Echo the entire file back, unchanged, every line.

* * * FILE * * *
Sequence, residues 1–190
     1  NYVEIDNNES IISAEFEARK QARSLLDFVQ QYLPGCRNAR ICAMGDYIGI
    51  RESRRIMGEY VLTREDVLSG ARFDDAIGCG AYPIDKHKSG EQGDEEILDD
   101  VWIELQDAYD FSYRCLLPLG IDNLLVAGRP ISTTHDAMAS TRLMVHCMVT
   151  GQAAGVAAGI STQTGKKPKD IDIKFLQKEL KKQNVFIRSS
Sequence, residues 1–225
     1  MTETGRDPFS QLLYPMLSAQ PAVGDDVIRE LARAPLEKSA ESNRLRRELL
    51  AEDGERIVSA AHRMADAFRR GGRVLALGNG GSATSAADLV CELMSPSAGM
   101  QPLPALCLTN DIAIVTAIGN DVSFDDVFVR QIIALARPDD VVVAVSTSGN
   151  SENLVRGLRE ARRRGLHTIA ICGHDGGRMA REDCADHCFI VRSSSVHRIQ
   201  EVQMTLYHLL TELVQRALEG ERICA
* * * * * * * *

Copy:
Sequence, residues 1–190
     1  NYVEIDNNES IISAEFEARK QARSLLDFVQ QYLPGCRNAR ICAMGDYIGI
    51  RESRRIMGEY VLTREDVLSG ARFDDAIGCG AYPIDKHKSG EQGDEEILDD
   101  VWIELQDAYD FSYRCLLPLG IDNLLVAGRP ISTTHDAMAS TRLMVHCMVT
   151  GQAAGVAAGI STQTGKKPKD IDIKFLQKEL KKQNVFIRSS
Sequence, residues 1–225
     1  MTETGRDPFS QLLYPMLSAQ PAVGDDVIRE LARAPLEKSA ESNRLRRELL
    51  AEDGERIVSA AHRMADAFRR GGRVLALGNG GSATSAADLV CELMSPSAGM
   101  QPLPALCLTN DIAIVTAIGN DVSFDDVFVR QIIALARPDD VVVAVSTSGN
   151  SENLVRGLRE ARRRGLHTIA ICGHDGGRMA REDCADHCFI VRSSSVHRIQ
   201  EVQMTLYHLL TELVQRALEG ERICA